The next phase of research concentrated on the feeding process of the parasites, where CQ could able to inhibit the haemoglobin degradation. Uptake of haemoglobin and its metabolism by a series of proteases in food vacuole of the parasite strengthen the hypothesis [ 43 - 45 ].
4-aminoquinolines: An Overview of Antimalarial Chemotherapy
Thus, the 4-aminoquinoline derived drugs have been proposed that selectively target the haemoglobin degradation which is a specific to parasites [ 46 ]. The free heme, which is toxic to parasite, released from the haemoglobin degradation and a series of proteases involved were drawn more attention of the researchers Figure 6 [ 47 - 49 ].
The plasmodial enzymes involved in digestion of haemoglobin have attracted much attention as possible targets for antimalarial drug design. When hemereleased from haemoglobin get converted into ferric form, which is highly toxic to vacuolar proteases and damaging to parasite membranes. Interestingly, parasite has a unique non-enzymatic heme detoxification mechanism, in which heme released from parasite digestion is converted to an insoluble polymer, called hemozoin.
It is microscopically visible in the DV as malaria pigments [ 50 ]. Crystallographic information of the structure of the CQ—FP complex is not available. The precise mechanism by which this toxic effect is exerted remains to be elucidated [ 3554 ].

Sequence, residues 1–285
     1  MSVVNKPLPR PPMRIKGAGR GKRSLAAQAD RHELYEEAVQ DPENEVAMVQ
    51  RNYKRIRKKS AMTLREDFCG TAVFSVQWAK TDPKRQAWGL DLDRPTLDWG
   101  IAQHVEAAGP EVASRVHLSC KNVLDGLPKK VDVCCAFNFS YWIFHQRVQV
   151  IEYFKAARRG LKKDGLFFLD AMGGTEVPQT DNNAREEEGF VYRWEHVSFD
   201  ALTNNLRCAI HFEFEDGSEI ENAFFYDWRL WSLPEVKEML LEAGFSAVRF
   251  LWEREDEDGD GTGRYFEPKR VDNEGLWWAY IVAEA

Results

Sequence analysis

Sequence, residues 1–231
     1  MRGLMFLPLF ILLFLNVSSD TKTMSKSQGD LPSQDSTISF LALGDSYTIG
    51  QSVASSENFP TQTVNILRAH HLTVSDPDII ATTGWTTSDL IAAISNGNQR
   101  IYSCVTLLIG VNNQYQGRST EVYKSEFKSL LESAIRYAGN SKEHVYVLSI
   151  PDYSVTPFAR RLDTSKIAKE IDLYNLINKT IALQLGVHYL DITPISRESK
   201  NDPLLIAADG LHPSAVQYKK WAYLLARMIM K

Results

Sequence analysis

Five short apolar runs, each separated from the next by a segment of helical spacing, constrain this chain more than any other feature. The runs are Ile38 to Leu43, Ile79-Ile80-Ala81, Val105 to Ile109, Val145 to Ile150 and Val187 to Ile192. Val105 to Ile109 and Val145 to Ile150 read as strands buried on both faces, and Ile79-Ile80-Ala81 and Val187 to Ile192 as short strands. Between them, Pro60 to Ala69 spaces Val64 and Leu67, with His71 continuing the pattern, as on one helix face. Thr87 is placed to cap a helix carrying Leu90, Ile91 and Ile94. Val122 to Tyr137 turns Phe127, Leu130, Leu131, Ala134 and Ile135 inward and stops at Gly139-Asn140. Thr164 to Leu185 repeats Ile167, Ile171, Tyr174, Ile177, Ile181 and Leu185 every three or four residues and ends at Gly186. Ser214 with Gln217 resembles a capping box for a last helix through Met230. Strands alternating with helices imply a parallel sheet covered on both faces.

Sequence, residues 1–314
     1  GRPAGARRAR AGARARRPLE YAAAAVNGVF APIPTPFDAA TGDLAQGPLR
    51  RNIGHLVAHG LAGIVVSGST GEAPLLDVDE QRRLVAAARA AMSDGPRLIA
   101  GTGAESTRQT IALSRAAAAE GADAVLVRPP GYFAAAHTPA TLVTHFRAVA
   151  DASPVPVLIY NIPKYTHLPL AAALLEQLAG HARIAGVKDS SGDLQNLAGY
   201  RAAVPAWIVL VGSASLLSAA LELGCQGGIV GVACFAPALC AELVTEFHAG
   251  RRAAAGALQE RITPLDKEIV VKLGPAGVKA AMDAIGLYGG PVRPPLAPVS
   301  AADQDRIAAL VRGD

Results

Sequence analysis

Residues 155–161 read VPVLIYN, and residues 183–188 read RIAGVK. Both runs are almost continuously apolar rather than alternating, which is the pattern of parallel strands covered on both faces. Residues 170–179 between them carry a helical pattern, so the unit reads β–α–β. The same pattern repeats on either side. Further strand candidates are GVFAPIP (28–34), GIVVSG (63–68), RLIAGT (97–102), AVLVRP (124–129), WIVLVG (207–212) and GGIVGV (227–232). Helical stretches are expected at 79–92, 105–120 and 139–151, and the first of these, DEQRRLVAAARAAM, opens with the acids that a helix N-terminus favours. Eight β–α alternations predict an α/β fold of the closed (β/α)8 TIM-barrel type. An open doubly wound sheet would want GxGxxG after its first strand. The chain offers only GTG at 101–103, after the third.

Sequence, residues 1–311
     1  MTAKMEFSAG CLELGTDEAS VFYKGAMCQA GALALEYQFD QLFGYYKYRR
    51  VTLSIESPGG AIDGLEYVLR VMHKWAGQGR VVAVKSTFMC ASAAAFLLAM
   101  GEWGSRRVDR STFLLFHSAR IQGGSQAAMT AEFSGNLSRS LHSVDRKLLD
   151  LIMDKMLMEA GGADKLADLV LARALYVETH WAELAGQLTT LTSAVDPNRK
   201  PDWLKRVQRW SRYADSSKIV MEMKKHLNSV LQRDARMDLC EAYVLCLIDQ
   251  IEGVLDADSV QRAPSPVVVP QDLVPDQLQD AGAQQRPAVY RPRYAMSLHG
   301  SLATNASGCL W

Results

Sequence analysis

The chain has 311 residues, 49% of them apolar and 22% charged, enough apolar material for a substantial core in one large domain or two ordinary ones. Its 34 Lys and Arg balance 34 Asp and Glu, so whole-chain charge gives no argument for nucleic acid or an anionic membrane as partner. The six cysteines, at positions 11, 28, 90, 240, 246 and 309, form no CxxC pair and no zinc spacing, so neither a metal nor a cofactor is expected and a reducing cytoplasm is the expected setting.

In these prematurely fused vesicles, haemoglobin is no longer properly degraded [ 55 ]. Since FPIX is a potential target for 4-aminoquinolines and related antimalarials, a number of studies have investigated the nature of FP binding to 4-aminoquinolines. Structure of heme, hemozoin and their structural similarity with synthetic FPIX have been well documented Figure 6. An important difference between monomeric heme including heme aggregates and hemozoin is their differential solubility in organic and aprotic solvents and in sodium dodecoyl sulphate SDS and mildly alkaline bicarbonate solutions.
Considerable evidence has accumulated in recent years that antimalarial drugs such as CQ act by forming complexes with FP, the hydroxo or aqua complex of Ferriprotoporphyrin IX Fe III FPderived from parasite proteolysis of host haemoglobin. Studies by Dorn et al. They have supported the enzymatic mechanism of hemepolymerization in vivo [ 56 - 60 ]. Considerable data supports the hypothesis that hematin is the target of 4-aminoquinoline class of compounds [ 61 ].